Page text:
sional toot race , open to all , 510 to tirst , 35 to
second and Sto third.
"A Copiterlieml Apology. "
Ni.vv Yuitic , Juno 2J. Thu republican
club held a meeting to-night aud adopted a
set ol resolutions on the recent b-ittlo Hag
order of Picsident Cleveland. They denounced
nounced thn oilier as an indignity to the
soldiers and as "a copperhead apology to the
south tor the part which the north took In
the overtlnow ot the rebellion , " and declare
as an Influence tor his second order that he
proposes to have congicss consummate thu
restoration ot the flags.
Honorary Decrees Cont'err < Ml , |
Pni.vcKrox , N. J. , Juno 2. ! . Among the
honorary decrees confcired by Princeton
college this j ear are : A. M. on Cjrus H.
McCormick , ol Chicago , on Edward Ficed ,
of Illinois.
hviiACUSK , N. Y. , Juno 22. The degree of
LL. D. was contorted today by fiyranis
university on liev. C. W. Bennett , of Evans-
nml AppronllucH.
CinoAoo , Juno ' ! . in to-day'h session ol
the National Association ot Master Plumbeis
the report of the apprenticeship committed
restricting the number of apprentices and tin
method of study they should pmsue , was
adopted with alight changes.
Cntihlttr Arrostoil.
BUFFALO , N. Y. , Juno 22. Apirant , the
defaulting cashier of thn Hcrohelugo bank
of Montreal , was ariosted heic charged with
emb-/zlement ot SliJ.OOO , the lurgorjart ot
which has U-un recovered.
Deal the Lotlery.
HAVANA , June 22. The Uoyal 1 1. v , . urn
lottery after the last drawing was m uc rii to
the amount ot 2000 through counterfeit
tickets ,
Tbo Coroner's Jury Holds the Engineer Responsible <
sponsiblo For Byron'a Death ,
Jonroy Arrested and n Prollmlnnrr
i\aiiilnrttloii : to Ho Held A Fnru-
vvell Itaocptlon nt Fremont
Nubrankn > ICVVH.
The Kuirlneur lloNpoiiHlblo.
LINCOLN , Neb. , Juno 22. [ Special U
ho BM : . | The death of Michael If ) ion In
ho collision between a Union Paclllc freight
rain and a B. & M. yard engine last evening
occupied the attention of the coroner and a
coroners jury to day. J. J Conroj.tho en
gineei ot the It. A : M. jard engine , was ar
rested and hold In the custody of the olllceis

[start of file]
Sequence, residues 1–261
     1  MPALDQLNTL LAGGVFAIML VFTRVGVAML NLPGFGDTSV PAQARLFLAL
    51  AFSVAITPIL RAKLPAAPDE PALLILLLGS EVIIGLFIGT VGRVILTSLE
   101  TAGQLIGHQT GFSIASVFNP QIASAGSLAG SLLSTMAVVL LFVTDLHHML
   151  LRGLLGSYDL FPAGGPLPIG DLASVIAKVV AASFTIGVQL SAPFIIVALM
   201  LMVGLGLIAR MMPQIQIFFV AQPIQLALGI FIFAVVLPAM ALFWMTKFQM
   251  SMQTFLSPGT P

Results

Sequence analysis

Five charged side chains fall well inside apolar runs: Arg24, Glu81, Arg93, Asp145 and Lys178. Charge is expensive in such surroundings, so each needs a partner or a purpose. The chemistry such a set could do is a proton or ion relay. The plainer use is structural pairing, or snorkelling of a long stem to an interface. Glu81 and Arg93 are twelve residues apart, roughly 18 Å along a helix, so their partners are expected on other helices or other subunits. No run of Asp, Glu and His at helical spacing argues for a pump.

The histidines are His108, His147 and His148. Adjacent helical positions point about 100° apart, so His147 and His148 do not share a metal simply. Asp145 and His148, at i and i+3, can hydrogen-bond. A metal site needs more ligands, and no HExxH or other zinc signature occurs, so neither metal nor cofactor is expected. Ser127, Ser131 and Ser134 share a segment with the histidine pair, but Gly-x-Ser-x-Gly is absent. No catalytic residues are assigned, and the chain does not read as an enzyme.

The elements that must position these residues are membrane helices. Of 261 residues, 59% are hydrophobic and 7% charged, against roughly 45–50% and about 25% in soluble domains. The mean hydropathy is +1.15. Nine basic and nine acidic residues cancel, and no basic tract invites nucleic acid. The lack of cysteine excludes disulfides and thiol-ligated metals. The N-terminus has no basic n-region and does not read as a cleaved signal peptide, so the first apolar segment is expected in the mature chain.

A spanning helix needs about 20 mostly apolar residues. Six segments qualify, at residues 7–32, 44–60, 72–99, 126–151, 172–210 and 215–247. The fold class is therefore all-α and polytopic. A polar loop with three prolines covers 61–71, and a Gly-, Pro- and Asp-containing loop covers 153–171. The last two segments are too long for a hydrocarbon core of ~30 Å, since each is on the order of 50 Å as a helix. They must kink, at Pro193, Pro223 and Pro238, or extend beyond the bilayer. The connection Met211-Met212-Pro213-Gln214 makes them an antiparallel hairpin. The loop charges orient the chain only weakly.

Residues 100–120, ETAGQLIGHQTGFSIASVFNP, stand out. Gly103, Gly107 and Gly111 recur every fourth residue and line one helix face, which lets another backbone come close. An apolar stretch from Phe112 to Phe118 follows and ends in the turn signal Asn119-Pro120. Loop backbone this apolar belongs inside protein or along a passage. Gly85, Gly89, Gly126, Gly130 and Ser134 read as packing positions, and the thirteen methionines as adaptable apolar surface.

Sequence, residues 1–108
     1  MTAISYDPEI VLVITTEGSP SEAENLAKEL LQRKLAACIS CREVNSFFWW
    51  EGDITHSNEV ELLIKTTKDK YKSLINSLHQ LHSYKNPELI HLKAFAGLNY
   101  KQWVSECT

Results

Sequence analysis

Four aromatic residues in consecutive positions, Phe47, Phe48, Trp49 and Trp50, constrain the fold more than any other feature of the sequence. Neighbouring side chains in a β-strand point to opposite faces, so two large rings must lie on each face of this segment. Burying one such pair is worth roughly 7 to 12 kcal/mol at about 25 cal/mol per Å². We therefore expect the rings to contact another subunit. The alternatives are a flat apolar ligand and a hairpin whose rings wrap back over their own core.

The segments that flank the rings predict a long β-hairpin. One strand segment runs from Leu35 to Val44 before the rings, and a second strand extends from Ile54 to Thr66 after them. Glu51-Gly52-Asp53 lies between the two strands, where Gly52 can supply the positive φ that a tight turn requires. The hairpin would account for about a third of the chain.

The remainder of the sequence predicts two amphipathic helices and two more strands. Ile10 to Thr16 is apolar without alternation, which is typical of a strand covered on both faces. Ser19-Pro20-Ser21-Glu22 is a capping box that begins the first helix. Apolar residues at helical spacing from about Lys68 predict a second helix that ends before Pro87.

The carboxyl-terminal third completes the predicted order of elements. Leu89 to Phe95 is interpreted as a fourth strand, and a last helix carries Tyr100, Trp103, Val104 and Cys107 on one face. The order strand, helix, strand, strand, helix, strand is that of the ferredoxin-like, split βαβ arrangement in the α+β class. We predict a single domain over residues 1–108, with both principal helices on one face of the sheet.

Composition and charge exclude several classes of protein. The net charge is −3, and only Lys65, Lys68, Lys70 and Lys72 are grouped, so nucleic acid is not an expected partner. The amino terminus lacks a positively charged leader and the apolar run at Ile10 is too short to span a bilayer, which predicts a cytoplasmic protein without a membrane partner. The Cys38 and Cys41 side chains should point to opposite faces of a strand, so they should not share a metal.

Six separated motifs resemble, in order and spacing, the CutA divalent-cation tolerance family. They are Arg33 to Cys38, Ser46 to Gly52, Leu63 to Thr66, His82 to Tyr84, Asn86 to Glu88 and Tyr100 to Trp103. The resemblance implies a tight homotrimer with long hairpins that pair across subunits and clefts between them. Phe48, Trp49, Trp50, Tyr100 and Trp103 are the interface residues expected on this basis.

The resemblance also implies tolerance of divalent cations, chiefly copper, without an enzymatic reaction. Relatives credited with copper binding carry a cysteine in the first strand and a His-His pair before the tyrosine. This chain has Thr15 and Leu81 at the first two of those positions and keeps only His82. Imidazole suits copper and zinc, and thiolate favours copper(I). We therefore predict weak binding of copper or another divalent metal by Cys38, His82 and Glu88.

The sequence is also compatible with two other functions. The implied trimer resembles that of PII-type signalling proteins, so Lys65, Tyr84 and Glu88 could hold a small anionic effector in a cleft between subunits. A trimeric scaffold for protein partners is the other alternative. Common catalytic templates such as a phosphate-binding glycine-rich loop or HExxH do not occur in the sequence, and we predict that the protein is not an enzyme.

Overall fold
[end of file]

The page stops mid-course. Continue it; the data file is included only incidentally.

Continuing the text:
.o answer to causing the death of Byron
hrough neglect on his part and open viola
tion of the uiles laid down tor his govern-
iiont In operating his iiuglne. The coroner's
investigation , commenced last nightwas not
concluded until noon to day , when a verdict
vv as i cached. The testimony taken was vol-
imlnoiis and exhaustive , u huge crowd being
n attendance during the Inquest , and some
Ifteen witnesses being rigidly questioned as
.o the accident. The lads went that the B.
t M. j'ard uiiuino romlng from West Lincoln
to thu city nt 0SO : p. m. neglected to whlstlu
mil stop at the point where the Union Pa-
cllic tniclt ciosses the It. it .M. track , and
lorn this neglect the B. A , M. engine clashed
into a inovln , ' height on the Union Paclhc ,
( llllng Byion , who was riding on thu toot
boaut ol the watei tank ot the B. it M. jaid
engine. Several othci parlie.s weiu on thu
enuiiio who saved tlmmselves by jumping
but I ! } ion was caught and ciushud Into a
shapolcM mass. At this crossing the Union
Piicitic tialns moviiiu noith have the tight ot
way and the engineer of the Union Pacllio
Freight expected moinentiuily to see the It. ite
M. stop , so when a collision became Inevita
ble It was lee lalu lor him to net. Conroy ,
tlio engineer on the It. & M. yiud engine , ad
mitted his neglect ol blowing tinwhlstlu and
( omlng to a lull stop belore this crossing.
He testified that It was thu fireman's duty to
keep watch ut that point , and , depending on
him , ho did not discover the moving Union
Pacliu' freight until close at baud. Ho re
versed his engine , but as it was not woiklng
well , bo could not contiol it In tluio to
prevent the accidents. A number of wit
nesses continued the question ol neglect In
observing the rules at the crossinir , and the
lilies vvetu tullj explained to the jury. Tim
spued at which thu switch engine was run
ning was testiiied to with a good deal ot dls-
cit'puncy. tlio rules allowing onlj a speed
ol six miles an liotir.but the preponderance of
ti'stlmonj was that the speed was at least
that rate when the engines iipiuoaehed each
other. I'he voidict as lendeied bj tlm core
ner's liny hold Conroy responsible tor
ityronS death. In Judge Parket's court in
thu altcinuon Conroy was biought up to an
swer to the chaige ol gross negligence and
the prellmiiiaiy examination was postponed
a day awaiting a post mortem examination
ot Itjron.
Cnr.TK , Juno 2J. ibpcclal to the Br.K.1
At the nicotine of the trustees , hold Tiios-